Report on all CIMA insurance markets

2007 financial year


After strong growth that has spread relatively evenly across regions over the past three years, the global economy experienced a slowdown in 2007.
Indeed, after recording a sustained pace until the end of the third quarter of 2007, the expansion of the world economy has given signs of moderation in the face of the persistence of the financial turbulence stemming from the “subprime” sector in the United States. United and
impairments of bank assets as well as the massive load shedding on the world stock exchanges which result from this.
This turmoil in the financial market, accompanied by soaring oil prices and higher agricultural raw materials, has clouded global economic development.

Sub-Saharan Africa experienced a sustained growth rate in 2007, posting the highest growth rate in decades. It stood at 6.8% in 2007 compared to 6.4% in 2006 thanks to the increase in oil production, the increase in
domestic investment and improved productivity.

At the same time, strong global demand for commodities, increased capital flows to Africa and debt relief have helped boost growth in the sub-Saharan economy.

As for the African countries members of the Franc Zone, they recorded a slight increase in their growth rate amounting to 3.5% in 2007, after 3.1% in 2006. This increase results from the stabilization of the rhythm GDP growth in Africa of
the West and its slight recovery in Central Africa.
The countries of the Central African Economic and Monetary Community (CEMAC) thus saw their growth rate drop from 3.1% in 2006 to 4.0% in 2007 while that of the Western Economic and Monetary Union- Africa stabilized at 3.0% in 2007 against 3.1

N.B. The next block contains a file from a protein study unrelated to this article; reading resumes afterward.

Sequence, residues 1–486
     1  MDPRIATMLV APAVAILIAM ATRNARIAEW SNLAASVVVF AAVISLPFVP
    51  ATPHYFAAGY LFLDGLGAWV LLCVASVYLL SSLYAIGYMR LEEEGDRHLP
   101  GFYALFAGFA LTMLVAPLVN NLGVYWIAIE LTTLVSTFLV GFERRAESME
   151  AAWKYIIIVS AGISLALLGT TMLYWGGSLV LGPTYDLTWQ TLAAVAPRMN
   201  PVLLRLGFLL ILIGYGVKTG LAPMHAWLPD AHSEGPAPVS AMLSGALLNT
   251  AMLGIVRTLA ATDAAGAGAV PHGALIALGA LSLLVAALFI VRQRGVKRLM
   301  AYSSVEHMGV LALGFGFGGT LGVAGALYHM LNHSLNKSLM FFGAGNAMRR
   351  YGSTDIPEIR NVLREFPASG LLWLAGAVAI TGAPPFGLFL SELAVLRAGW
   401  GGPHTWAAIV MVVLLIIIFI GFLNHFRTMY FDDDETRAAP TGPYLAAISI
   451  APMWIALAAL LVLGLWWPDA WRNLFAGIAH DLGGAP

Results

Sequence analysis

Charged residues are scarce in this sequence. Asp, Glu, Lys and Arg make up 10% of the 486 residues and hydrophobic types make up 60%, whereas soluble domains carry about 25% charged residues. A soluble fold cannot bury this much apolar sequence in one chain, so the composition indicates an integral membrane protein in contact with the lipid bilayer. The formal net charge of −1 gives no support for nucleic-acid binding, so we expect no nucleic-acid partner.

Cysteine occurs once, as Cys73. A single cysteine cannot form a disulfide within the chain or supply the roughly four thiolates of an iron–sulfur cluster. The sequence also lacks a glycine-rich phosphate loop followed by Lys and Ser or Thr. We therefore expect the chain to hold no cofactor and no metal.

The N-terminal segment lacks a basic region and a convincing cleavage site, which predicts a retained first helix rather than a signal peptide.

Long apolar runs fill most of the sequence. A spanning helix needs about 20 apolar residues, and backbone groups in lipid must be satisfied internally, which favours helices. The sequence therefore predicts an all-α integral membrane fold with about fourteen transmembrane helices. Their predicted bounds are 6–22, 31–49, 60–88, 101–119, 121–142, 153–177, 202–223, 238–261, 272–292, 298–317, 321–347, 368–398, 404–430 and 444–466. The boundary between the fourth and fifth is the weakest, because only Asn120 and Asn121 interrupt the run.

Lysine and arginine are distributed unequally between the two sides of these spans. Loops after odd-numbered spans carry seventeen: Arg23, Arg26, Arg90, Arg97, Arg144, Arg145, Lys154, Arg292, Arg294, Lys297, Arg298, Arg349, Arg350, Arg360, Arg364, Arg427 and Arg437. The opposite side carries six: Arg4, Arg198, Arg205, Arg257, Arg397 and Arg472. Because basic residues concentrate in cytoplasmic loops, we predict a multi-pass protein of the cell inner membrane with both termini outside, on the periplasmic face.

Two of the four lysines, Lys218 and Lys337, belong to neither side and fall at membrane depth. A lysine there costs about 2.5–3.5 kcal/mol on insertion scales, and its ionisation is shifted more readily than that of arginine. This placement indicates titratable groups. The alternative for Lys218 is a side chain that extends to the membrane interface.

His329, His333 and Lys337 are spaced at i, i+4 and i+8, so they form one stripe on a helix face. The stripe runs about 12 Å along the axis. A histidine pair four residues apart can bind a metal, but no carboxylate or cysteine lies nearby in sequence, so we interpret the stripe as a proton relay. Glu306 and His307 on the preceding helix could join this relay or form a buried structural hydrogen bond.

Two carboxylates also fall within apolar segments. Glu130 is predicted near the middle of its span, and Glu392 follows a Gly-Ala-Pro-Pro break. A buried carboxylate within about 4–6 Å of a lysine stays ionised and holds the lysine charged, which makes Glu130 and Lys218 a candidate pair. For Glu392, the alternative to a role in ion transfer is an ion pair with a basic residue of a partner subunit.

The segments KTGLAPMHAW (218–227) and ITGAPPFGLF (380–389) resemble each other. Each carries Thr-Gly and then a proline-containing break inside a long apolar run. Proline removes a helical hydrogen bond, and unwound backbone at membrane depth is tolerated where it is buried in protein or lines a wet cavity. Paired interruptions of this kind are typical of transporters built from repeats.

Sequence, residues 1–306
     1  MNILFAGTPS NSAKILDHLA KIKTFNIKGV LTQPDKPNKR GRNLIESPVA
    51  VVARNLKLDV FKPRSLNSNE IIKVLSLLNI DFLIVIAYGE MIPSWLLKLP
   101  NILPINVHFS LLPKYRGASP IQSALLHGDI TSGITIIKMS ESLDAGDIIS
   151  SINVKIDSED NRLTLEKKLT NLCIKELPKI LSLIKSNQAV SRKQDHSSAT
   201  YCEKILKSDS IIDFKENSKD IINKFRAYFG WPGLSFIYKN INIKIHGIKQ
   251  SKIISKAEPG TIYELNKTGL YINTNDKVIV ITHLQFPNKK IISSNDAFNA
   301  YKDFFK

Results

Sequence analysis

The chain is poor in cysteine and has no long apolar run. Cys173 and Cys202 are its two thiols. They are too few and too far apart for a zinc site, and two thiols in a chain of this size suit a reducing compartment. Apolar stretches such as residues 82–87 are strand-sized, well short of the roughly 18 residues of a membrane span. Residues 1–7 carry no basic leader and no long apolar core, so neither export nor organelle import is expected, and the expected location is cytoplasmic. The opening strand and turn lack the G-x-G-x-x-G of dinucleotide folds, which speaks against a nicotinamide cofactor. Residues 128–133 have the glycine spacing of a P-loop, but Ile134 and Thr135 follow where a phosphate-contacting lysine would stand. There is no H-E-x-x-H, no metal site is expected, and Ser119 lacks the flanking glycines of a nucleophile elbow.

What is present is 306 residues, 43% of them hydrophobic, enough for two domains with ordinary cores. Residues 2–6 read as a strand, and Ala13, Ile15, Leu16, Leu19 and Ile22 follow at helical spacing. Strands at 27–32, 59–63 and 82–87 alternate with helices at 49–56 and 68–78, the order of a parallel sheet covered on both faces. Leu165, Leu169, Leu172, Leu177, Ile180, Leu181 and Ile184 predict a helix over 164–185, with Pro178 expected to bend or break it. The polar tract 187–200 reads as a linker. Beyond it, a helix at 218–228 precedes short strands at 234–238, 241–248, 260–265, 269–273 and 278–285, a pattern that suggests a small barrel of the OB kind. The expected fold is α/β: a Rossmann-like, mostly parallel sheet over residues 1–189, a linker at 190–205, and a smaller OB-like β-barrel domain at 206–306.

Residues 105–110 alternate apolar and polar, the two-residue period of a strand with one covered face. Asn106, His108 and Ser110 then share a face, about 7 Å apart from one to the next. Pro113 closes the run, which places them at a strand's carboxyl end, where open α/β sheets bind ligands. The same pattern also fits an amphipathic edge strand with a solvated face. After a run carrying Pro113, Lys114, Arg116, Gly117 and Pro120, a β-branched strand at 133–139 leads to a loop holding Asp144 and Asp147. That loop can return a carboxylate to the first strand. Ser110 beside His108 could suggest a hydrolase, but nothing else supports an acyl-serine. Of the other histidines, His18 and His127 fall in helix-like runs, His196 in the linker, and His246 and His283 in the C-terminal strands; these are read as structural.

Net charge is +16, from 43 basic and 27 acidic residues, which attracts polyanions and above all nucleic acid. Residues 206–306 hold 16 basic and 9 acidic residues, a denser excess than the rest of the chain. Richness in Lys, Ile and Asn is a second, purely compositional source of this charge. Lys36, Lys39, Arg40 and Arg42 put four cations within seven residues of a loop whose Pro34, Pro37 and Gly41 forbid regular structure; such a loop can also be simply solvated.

% in 2006.

As in 2006, the Franc Zone recorded, for each of its two main subsets, economic growth lower than that of sub-Saharan Africa. With particular regard to the insurance sector, 2007 was marked by
$ 4.061 billion in premiums earned worldwide compared to $ 3.931 billion in 2006, an increase of 3.3%. This growth is mainly linked to the development of life insurance in emerging markets.

Life insurance premiums increased 5.4% to $ 2.393 billion, which is above the average of the past ten (10) years. In emerging markets, they rose 13.1% to $ 219 billion. Economic growth, a relatively young population and a growing middle class have been the driving forces behind life insurance sales in emerging markets.

Sales of pension and wealth management products have spurred growth in industrial countries. In the non-life sector, global premium growth slowed by 0.7% to a total of $ 1.668 billion. Premium volume fell on industrialized markets.
It only slightly slowed down in emerging markets.
In spite of these shocks and the most alarming forecasts, global growth rather marked a slight decline, going from 5.2% in 2006 to 4.9% in 2007, ie a drop of 0.3 point. This slight decrease is explained by the fact that the slowdown in the American economy, which went from a growth rate of 2.9% in 2006 to 2.2% in 2007, did not, however, start the dynamism from the rest of the world. Apart from the euro zone, which recorded a slight decline from 2.8% in 2006 to 2.6% in 2007, economic expansion has
continued in emerging and developing countries with a growth rate of 7.7% in 2006 against 7.8% in 2007 on the one hand and in the United Kingdom with a rate of 2.9% in 2006 against 3.1 % in 2007 on the other hand. The decline in the euro zone is the consequence of the growing economy of the major European countries, namely Germany (2.9% in 2006 against 2.5% in 2007), France (2.0%
in 2006 against 1.9% in 2007), Italy (1.8% in 2006 against 1.5% in 2007) and Spain (3.9% in 2006 against 3.8% in 2007).
The economic expansion of emerging and developing countries is driven by the emerging economies of Asia, led by China and Africa, which have remained strong.
The growth rate of the Chinese economy went from 11.1% in 2006 to 11.4% in 2007 and that of the African economy from 7.7% in 2006 to 7.8% in 2007.